PHILADELPHIA Ibiquity Digital Corp. is focused on getting HD Radios to market and regaining momentum for digital conversion at stations.
At the same time, a leader of the body that develops standards for IBOC says that if stations should fail to transition, he fears terrestrial radio eventually may migrate to a new band – one in which frequency allocations would be auctioned.
Ibiquity executives say approximately 280 radio stations encompassing more than 100 markets have licensed the company’s technology. Roughly 55 are on the air with an HD Radio signal, said Ibiquity President and Chief Executive Officer Robert Struble. He made the comments during the NAB Radio Show in Philadelphia.
The company believes it’s well on its way to licensing 300 stations by the end of the year.
Ibiquity has identified six cities as launch markets for the consumer rollout – New York, Los Angeles, Chicago, San Francisco, Miami and Seattle. In each, 10 to 18 stations have licensed the technology.
Stations in 35 states as well as the District of Columbia and Puerto Rico have committed to HD Radio.
Struble said the company started taking receiver orders before the NAB Radio Show for stations on the air with a digital signal that want one of the first 1,000 Kenwood HD Radio receivers. He said Ibiquity has those receivers, which incorporate the new HDC codec software.
Aftermarket units first
Ibiquity is selling the receivers to broadcasters for $399 each. Broadcasters need a compatible Kenwood head unit to hear the digital programming.
Looking towards 2004, JVC and Panasonic have early launch plans for aftermarket HD Radios, said Struble. Kenwood plans a limited launch in the fourth quarter of this year and will be ready to ship to retailers in January.
Delphi plans to have in — dash HD Radios next year in 2005 model — year cars. The company plans to begin production of HD Radios in the first quarter of 2004.
There is consumer demand now for digital radio, said Robert Schumacher, business line executive for Delphi’s Wireless Division, who also spoke during the NAB convention. He said satellite radio is creating that interest. “Delphi has shipped over 1.1 million digital radios” to retailers, he said.
Poor reception is the most common complaint in vehicle audio systems, he said, adding that radio manufacturers interested in HD Radio believe the technology virtually eliminates reception problems due to such issues as multipath interference and ignition noise.
Kenwood, Yamaha and JVC are developing home radios.
“It’s all about the speed of the receiver uptake now,” said Struble, regarding Ibiquity’s plans.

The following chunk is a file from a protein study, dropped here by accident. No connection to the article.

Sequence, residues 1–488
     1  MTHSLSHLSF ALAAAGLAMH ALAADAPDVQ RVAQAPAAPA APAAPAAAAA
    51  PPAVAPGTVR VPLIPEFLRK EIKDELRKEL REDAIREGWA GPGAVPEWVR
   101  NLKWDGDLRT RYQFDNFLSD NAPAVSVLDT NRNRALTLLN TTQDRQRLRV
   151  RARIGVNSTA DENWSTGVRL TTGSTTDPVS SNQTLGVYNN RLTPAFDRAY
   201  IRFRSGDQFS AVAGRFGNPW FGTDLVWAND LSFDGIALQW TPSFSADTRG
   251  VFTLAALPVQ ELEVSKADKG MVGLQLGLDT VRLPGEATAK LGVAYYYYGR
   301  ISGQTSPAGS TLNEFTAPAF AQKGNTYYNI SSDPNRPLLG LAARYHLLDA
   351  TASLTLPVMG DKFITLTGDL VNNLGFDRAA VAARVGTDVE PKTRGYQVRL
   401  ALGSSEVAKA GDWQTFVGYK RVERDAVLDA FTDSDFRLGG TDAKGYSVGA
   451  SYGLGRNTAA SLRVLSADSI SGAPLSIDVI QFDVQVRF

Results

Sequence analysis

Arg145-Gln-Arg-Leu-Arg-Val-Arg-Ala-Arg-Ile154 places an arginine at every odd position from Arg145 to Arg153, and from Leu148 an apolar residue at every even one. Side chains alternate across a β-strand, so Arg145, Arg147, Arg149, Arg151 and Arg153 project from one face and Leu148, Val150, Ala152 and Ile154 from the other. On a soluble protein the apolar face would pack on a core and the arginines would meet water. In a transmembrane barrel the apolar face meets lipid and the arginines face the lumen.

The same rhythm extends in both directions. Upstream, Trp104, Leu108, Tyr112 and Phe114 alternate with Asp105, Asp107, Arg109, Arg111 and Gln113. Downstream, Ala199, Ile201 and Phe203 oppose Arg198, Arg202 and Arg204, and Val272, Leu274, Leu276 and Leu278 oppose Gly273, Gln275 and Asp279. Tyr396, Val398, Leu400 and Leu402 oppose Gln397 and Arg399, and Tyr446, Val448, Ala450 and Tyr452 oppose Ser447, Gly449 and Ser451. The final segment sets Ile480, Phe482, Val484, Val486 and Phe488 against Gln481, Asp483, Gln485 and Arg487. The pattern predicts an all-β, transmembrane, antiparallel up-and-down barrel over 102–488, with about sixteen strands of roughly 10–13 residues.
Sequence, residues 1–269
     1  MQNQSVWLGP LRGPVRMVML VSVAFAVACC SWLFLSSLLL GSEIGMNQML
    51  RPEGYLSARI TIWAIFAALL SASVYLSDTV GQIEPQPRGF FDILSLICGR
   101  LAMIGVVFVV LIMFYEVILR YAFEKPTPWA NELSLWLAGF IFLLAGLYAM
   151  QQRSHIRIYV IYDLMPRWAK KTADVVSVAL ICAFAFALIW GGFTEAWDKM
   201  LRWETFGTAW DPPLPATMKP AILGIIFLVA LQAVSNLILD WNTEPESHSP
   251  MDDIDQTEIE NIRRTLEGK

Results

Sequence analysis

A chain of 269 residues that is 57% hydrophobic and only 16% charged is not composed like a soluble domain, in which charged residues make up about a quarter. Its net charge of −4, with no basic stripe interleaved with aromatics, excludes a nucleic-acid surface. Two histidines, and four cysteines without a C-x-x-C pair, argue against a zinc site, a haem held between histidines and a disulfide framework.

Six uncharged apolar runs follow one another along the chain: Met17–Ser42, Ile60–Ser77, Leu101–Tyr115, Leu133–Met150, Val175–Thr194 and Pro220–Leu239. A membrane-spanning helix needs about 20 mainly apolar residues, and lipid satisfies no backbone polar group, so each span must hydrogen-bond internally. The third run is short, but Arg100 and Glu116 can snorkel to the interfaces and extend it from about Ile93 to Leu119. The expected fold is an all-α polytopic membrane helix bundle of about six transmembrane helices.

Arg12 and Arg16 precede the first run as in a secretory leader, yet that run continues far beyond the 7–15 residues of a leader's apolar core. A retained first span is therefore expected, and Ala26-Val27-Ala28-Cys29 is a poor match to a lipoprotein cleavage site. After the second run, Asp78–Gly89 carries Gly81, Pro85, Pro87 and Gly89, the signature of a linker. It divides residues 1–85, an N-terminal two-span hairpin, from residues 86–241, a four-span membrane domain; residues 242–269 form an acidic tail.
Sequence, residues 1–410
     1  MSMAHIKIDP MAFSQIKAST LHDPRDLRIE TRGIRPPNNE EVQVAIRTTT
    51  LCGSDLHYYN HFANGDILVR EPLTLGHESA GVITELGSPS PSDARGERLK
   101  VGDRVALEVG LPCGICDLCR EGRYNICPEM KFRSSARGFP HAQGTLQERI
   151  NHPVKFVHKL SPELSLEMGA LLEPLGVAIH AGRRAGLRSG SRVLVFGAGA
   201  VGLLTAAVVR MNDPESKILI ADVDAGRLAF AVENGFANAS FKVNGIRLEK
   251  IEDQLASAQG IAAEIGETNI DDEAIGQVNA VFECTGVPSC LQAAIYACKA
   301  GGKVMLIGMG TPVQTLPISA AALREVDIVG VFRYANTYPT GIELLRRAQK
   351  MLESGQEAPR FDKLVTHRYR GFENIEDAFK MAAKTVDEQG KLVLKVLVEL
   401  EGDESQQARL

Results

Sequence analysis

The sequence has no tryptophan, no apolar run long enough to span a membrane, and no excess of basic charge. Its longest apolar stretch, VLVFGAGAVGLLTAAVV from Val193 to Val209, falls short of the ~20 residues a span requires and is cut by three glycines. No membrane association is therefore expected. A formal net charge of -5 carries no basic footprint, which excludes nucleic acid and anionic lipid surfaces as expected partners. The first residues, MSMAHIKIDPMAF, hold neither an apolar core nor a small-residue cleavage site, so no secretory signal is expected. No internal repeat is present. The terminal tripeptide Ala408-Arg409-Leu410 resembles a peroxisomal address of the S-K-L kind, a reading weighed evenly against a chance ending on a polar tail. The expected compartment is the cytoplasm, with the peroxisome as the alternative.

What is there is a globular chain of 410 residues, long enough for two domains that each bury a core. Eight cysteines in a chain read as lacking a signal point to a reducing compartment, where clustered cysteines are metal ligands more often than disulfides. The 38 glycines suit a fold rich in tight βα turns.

But while it’s trying to go forward, company executives are still answering questions from the industry about its new codec, the layoffs this summer and its financial needs.
Of the codec switch, Struble said, “It’s a strange example of how the process is supposed to work. We took feedback from the industry about what they wanted. Sometimes the process is loud and messy, but it works,” he said of Ibiquity’s decision to drop PAC and adopt a new, proprietary codec, HDC.
Sirius, meanwhile, intends to continue using Ibiquity’s PAC codec; in fact, some members of Ibiquity’s former PAC team of about eight people now work for Sirius. The satcaster says it has “enhanced the engineering staff to incorporate coder development” in its abilities, giving the satellite radio company “more flexibility and more control” over the direction of that coder development.
Ibiquity lost critical time to market and expense trying to integrate PAC into its system after it merged with Lucent Digital Radio, broadcast sources said.
Layoffs this summer reflected the rollout delay caused by the codec switch, Struble said. There are no plans for more layoffs, he said.
The reductions also reflected the changing nature of the company’s needs. Struble said development of the technology is largely complete and that Ibiquity now needs to focus on working with its 18 receiver manufacturing partners to get radios to store shelves. The technical expertise the company needs now is more in technology transfer than design, he said.
Earlier reports that the company had spent roughly $30 million last year were inflated, Struble said. He and other broadcast sources said the figure was lower. Ibiquity is a private company and declines to release spending figures.